Costume Designer Repairs Butterfly's Torn Wing

A monarch butterfly with a broken wing resting in grass.

AHPhotoswpg / Getty Images

As a costume designer and embroiderer, Romy McCloskey is used to performing intricate needlework. McCloskey, of Faden Design Studios in Texas, also loves butterflies, and in early January, her two passions collided when she repaired a butterfly's torn wing.

McCloskey raises and releases monarch butterflies from her yard in a Houston suburb, a project she started after noticing some caterpillars there last September. She makes sure they are fed and cared for while they transform into butterflies, a task she told BuzzFeed "felt right."

"I knew that they were being threatened by mankind; I knew that we needed to help our pollinators for the survival of us all, but I didn't know just how much these little guys have stacked against them until I got involved in helping them. So, my garden grew, my knowledge grew, and my heart grew, more than I could ever imagine."

However, McCloskey's cat didn't necessarily have the same priorities, and it saw the cocoons as toys. It knocked one of the cocoons down and onto the ground.

"It had a crack in the cocoon," McCloskey told the Washington Post. "I thought, 'Please don't let it die.'"

When the butterflies emerged, the one from the knocked-down cocoon had a damaged wing, pictured above. Posting an image of the butterfly on Facebook, she asked for help. Not long after, a friend sent her a YouTube video showing all the steps necessary to repair a wing.

McCloskey didn't hesitate. She gathered the materials she needed — tweezers, scissors, glue, a wire hanger, talcum powder-coated cotton swabs and the remains of wing from a butterfly that had died earlier — and set to work.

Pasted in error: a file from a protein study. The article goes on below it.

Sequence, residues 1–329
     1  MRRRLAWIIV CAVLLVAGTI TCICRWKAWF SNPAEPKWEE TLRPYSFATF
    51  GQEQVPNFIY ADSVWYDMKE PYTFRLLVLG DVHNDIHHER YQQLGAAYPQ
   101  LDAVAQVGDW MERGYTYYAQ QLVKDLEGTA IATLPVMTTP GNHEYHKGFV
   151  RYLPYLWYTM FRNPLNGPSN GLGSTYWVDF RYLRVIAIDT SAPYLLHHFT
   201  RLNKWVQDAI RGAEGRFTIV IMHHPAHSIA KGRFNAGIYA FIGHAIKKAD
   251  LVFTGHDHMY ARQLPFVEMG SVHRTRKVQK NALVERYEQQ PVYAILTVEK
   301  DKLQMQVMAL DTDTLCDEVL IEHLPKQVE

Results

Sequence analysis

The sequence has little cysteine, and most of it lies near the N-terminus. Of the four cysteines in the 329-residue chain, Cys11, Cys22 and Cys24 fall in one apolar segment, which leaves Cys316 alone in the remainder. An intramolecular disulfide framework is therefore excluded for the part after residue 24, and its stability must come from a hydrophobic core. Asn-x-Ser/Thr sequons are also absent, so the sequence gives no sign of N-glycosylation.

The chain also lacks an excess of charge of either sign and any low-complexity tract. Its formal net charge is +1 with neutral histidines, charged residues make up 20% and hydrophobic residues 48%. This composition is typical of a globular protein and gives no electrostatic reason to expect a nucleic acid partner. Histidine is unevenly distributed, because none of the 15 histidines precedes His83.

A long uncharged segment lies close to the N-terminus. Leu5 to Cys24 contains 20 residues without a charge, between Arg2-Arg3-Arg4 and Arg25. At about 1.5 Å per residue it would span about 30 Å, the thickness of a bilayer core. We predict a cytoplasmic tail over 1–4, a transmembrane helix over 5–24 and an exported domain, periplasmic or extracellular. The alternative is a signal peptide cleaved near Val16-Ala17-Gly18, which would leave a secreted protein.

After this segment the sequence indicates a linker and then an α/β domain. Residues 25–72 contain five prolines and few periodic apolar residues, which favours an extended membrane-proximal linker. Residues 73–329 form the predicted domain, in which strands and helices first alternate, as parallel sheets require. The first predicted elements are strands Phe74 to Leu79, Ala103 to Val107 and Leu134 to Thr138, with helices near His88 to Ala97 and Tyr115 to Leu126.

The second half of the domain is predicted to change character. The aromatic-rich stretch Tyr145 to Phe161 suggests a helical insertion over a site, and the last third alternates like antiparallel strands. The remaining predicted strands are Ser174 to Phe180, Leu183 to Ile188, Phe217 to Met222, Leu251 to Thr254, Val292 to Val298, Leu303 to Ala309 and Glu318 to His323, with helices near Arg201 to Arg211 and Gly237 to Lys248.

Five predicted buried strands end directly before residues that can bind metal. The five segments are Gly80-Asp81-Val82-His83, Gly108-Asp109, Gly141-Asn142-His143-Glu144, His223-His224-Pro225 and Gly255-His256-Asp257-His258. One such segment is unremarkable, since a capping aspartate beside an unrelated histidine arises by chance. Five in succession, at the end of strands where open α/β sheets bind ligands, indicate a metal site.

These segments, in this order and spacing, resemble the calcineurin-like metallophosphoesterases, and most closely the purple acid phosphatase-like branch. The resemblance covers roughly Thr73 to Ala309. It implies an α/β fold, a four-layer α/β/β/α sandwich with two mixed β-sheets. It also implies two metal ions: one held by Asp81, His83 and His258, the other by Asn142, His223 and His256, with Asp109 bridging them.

"Because of the work I do, it was no-brainer," McCloskey told the Post.

She immobilized the butterfly by putting it under the wire hanger, and then she cut away away the damaged wing (it doesn't hurt the butterfly; McCloskey equated it to clipping a nail). After that, she glued the leftover wing onto the butterfly, applying talcum powder after the glue had dried so that the wings wouldn't stick together just in case spots of glue were still sticky.

"You have to be sure the donor wing you have fits," she told the Post. "It overlaps by less than a millimeter, and I used the tiniest bit of glue. It is such a scant amount of glue."

The operation, however, was a complete success.

McCloskey put the patient into a cage with food so it could take the night to, hopefully, recover.

"I woke up the next morning and said, 'Please be alive,'" she recounted to the Post.

Once she saw the butterfly was moving, she took the butterfly outside so it could, hopefully, fly away.

"He climbed on my finger, checked out the surroundings and then took off," she said. "He landed on some bushes, and sure enough, when I went to reach for him, he flew up in the direction of the sun."